Machine Makers Tumble as Joy Global Announces Disappointing 4Q Results
The Industrials sector led the markets lower yesterday after Joy Global Inc. (JOY) reported its fourth quarter results. The stock price of the Milwaukee-based heavy machinery manufacturer was down almost 6% at the day’s close after it missed earnings by 8.9%, and provided guidance for the next year which is lower than analysts’ estimates.
Joy missed analysts’ earnings estimates of $1.12 by $0.01 while revenues were in line with estimates of $1.18 billion for the company’s fiscal year 2013, which runs till October 26, 2013. The manufacturer of surface and underground mining machinery reported a net 26% year-over-year (YoY) decline in revenues for 4QFY13, led by lower sales in the surface mining segment.
The surface mining segment’s quarterly revenues were down 36% YoY to $536 million while the company’s underground mining segment was down 16% to $696.3 million over the same period. Combined orders were down 16.5% YoY from $1.3 billion to $1.1 billion. The company’s backlog-to-build ratio – which is a way of assessing demand – also declined from 0.45 to 0.30.
The company declared a dividend of $0.1725 per share, in line with the previous disbursement, and has a forward dividend yield of 1.25%.
Machinery manufacturers have been under pressure this year, although the sector had a record year in terms of sales in 2012. Sales to dealers and distributors in 2012 did not result in end-user demand, causing inventory levels to increase. Manufacturers are now under pressure as dealers try to deleverage their inventory build-up.
Declining commodity prices have led to capex reductions of 10% by most miners. Industry surveys suggest the trend will continue in 2014, and lead to overall capex reductions of 15-20%. Coal, the most widely mined commodity and coal miners form the largest share of Joy’s customers.
Nymex coal prices are down 8.3% year-to-date (YTD) due to an excess supply of coal built up in 2012, combined with available capacity for miners to ramp up production and overall lower sales in the US. The natural gas boom in the US has led to falling demand for coal and declining prices in the domestic market and coal prices are expected to stay under pressure as utilities increasingly rely on cheaper, cleaner and more abundant natural gas.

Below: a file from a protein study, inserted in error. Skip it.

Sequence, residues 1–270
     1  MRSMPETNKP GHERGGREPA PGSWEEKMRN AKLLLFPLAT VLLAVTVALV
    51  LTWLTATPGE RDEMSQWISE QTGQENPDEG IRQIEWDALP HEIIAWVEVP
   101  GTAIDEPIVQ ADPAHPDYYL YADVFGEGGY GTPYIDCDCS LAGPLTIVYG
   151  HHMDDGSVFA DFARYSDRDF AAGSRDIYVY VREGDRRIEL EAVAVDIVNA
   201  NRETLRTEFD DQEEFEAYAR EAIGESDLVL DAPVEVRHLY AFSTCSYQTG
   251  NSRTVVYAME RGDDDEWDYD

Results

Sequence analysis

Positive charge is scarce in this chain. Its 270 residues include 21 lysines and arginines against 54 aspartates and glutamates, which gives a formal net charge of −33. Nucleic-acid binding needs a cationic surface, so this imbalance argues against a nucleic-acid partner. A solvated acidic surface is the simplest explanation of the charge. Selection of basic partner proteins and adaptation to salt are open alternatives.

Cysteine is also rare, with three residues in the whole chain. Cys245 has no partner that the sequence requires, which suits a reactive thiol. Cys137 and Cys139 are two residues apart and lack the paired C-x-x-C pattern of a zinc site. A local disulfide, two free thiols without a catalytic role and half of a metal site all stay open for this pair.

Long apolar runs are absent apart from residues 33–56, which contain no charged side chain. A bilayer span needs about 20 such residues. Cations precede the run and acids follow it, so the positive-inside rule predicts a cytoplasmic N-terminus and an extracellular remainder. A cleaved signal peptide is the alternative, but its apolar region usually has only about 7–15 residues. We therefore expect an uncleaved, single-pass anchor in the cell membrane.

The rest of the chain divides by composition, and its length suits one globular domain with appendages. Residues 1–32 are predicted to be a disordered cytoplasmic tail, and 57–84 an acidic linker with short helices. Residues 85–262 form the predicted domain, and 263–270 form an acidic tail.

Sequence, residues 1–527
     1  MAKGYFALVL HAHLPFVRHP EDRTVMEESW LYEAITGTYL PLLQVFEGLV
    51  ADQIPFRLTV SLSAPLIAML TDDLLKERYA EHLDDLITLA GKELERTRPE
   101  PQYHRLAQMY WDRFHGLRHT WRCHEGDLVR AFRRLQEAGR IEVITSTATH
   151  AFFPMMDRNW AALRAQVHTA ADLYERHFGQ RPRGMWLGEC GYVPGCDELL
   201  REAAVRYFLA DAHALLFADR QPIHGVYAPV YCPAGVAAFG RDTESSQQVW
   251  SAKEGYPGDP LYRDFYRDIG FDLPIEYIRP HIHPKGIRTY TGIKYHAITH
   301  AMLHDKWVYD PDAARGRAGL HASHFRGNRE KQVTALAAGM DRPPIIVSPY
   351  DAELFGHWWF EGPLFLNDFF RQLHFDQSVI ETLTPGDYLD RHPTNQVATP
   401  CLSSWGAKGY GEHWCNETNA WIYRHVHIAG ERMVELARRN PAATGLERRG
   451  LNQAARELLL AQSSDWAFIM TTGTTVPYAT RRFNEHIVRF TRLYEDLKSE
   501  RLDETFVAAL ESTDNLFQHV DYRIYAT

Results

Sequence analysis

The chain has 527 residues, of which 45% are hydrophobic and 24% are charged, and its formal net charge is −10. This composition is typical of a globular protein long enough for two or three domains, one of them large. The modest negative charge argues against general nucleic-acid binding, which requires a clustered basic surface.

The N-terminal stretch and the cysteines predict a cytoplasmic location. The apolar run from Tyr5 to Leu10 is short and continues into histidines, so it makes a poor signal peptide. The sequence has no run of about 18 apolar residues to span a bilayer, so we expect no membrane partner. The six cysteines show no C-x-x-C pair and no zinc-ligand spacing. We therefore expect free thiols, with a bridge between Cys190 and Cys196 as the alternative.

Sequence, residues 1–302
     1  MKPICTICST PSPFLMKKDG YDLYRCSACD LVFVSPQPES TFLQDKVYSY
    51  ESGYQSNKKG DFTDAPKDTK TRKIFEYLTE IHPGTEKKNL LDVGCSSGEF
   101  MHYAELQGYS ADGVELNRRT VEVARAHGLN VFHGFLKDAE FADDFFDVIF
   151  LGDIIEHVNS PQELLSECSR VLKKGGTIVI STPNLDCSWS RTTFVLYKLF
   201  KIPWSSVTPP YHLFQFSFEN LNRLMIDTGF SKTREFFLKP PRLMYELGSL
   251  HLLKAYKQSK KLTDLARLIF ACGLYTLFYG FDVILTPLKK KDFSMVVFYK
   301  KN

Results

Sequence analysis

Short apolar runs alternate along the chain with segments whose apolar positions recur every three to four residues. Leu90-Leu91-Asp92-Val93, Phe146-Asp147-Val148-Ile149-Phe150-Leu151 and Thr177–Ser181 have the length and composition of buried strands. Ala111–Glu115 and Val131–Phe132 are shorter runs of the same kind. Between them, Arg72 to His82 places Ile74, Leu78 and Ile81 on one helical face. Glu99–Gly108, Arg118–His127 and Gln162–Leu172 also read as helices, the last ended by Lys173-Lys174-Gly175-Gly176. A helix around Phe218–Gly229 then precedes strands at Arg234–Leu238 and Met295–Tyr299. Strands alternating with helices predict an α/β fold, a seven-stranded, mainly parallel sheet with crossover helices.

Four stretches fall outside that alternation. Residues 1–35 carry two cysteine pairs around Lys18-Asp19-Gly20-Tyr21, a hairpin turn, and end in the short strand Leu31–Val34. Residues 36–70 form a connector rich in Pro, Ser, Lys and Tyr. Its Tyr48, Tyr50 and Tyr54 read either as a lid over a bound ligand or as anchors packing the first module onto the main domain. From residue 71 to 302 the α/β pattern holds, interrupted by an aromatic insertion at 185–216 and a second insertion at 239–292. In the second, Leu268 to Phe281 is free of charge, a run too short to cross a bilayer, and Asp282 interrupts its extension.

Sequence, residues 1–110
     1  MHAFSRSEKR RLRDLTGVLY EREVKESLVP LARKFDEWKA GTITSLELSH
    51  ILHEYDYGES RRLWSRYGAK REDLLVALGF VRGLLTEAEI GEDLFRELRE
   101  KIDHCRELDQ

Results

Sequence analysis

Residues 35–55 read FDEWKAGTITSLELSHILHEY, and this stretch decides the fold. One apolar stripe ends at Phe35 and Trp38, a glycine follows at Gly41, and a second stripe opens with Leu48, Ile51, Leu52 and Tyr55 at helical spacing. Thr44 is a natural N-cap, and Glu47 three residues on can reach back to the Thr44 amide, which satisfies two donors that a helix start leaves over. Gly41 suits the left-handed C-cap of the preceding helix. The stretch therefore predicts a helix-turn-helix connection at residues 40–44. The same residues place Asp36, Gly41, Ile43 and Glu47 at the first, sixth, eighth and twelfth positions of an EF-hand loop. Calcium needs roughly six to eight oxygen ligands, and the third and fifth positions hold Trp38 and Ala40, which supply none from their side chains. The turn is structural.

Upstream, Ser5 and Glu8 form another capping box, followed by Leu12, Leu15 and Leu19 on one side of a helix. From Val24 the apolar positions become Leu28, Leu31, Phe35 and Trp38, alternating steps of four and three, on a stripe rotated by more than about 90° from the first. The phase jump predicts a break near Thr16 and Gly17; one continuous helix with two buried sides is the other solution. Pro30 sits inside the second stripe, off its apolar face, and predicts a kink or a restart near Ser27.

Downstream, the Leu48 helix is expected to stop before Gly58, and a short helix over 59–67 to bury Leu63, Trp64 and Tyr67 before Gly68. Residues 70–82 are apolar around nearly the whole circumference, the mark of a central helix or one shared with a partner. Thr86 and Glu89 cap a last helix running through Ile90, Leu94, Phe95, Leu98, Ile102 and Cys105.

China, the world’s largest producer and consumer of coal, has spare capacity and an oversupply of the commodity, driven by Australian coal.
Industrials as a whole have fared well – the iShares US Industrials ETF (IYJ) and the Industrial Select Sector SPDR ETF (XLI) are up about 30% YTD, around five percentage points more than the S&P 500. Still, heavy machinery manufacturers have missed the bull run. Caterpillar Inc. (CAT), the industry bellwether, is down almost 5% YTD due to its 30% exposure to the mining industry through its Resources segment. Deere Inc. (DE) stock has still posted positive returns, as the majority of its portfolio offerings fall in the Agriculture and Forestry segments.
On the other hand, shares of Komatsu Ltd. (KMTUY), a Tokyo-based heavy machinery manufacturer, are down over 20% for the year and Joy is down 17%, due to its heavy reliance on the mining industry.
CAT dealer stats, an indication of overall inventory numbers at the dealer level, still show a worrying trend. According to the latest numbers released in October, dealer stats were down 12% globally on a three-month rolling basis. The declines have been led by demand reduction from the Asia-Pacific region.
Joy’s management also provided guidance for FY14. Earnings estimates of $3-3.50 are below analyst estimates of $3.68, and the revenue guidance is $3.6-3.8 billion while the street expects $3.8 billion.
If the numbers fail to improve in 2014, it could be another tough year for the industry. Joy has already laid off 450 employees on two separate occasions this year and once again laid off employees last Tuesday. The company did not disclose the number of employees affected though.